A very good morning to everyone gathered here on this auspicious day, but especially to this distinguished and idiosyncratic group of graduating seniors, a group of soon-to-be golden diploma-wielding novice geniuses, a group who has honored me well above my merit pay-grade with this opportunity to speak today. Thank you. Though I am a great fan of perennial wisdom and mighty archetypal Platonic truths with a capital “T,” my aim this morning is, by necessity, more modest, yet not so modest that I’m resigning myself to achieving merely very local, time specific truths with a lower case “t,” or what the laymen call opinions. No, my way will not be “the” way or “a” way, not seek “the” truth or “a” truth, but some genuine article in between. That’s my intention, anyway, to steer this commencement address ship between mighty archetypes and middling opinions. I may check in with you graduates periodically during this address to see how I’m doing.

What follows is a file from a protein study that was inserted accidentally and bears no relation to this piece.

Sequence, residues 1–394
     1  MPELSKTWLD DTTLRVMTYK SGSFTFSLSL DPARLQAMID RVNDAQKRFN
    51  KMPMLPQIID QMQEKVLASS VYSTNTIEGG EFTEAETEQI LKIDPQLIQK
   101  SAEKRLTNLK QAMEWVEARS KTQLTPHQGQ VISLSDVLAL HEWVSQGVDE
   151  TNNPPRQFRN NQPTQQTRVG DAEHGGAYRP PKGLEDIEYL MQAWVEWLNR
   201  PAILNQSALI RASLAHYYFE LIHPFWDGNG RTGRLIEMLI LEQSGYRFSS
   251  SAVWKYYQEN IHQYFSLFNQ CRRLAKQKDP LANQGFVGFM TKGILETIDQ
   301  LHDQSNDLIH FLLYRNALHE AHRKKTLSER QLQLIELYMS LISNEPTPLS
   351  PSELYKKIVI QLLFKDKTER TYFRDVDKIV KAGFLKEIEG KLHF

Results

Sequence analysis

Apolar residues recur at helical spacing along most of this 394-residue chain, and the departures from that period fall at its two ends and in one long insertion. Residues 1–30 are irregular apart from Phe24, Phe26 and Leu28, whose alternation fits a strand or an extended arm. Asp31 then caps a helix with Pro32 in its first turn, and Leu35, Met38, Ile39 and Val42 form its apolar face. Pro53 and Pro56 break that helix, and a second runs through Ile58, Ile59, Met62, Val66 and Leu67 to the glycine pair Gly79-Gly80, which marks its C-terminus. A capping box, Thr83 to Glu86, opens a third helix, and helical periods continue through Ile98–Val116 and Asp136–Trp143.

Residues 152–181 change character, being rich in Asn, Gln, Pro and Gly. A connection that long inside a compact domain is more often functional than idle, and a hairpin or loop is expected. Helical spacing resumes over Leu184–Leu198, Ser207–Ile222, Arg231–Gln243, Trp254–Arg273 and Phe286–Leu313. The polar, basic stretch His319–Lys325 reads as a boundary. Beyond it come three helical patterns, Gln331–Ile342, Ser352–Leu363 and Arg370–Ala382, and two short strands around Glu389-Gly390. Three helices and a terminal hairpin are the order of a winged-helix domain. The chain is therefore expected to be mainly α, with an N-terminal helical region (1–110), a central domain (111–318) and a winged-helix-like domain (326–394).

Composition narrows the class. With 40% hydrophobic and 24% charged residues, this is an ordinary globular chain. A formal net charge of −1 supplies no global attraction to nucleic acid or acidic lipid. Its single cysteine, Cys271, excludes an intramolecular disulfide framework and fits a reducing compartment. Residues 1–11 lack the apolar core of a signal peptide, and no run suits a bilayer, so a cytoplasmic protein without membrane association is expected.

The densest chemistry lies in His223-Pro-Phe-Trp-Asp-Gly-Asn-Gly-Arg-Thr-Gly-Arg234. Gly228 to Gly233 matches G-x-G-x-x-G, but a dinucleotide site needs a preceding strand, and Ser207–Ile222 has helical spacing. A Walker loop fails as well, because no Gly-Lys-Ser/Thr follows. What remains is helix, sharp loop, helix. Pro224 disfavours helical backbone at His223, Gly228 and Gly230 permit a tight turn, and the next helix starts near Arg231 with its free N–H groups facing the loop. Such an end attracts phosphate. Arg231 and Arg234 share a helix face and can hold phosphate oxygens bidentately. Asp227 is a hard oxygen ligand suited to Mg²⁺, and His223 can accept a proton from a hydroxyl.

Okay, let’s begin. I’ll start with dreams, the fifth most popular theme for commencement addresses according to one website I looked at earlier this week. I’m sure each one of you has dreams, even big important dreams! Indeed, for you up here on the stage, this is a time of life for dreams. My dear graduates, I hope your dreams don’t come true. Already you can see I’m steering the ship well: very nearly my first statement was not really archetype on the one hand or opinion on the other, it was more just right down the middle of tone-deaf, tactless, and a wee bit snarky. But please remember, that’s just the content. My intent, my intention, is something else entirely. When I say I hope your dreams don’t come true, my intention is to compliment you, because I think in most cases our dreams sell ourselves short, and when I say “ourselves” here, I’m talking about what Ralph Waldo Emerson calls our aboriginal selves. What do I mean by this, by our dreams selling ourselves short? Here’s an example: at this very moment, I’m dreaming that this commencement address is being video recorded and will go viral as soon as it’s uploaded onto Youtube. By next year it will have been viewed by so many people, and will have inspired so many people, that I will be invited to give the commencement address at both Harvard and Yale on the same day, and I’ll have to make a difficult choice. And then, of course, they’ll be a TED Talk in Silicon Valley, etc., etc. You get the picture. What we do in these sorts of dreams is project ourselves unchanged into the future with just more prestige and bling, more ego-stroking; these are dreams that just fulfill our egotism; they are a sort of ego-defense mechanism in the language of Sigmund Freud; they pander not to our Self-Reliance, but to our Selfie-reliance, our ego’s narcissism. And these are most of our dreams: the prestigious school, the partnership in the law firm, the cool job in the film industry, even the humanities position at a Waldorf school.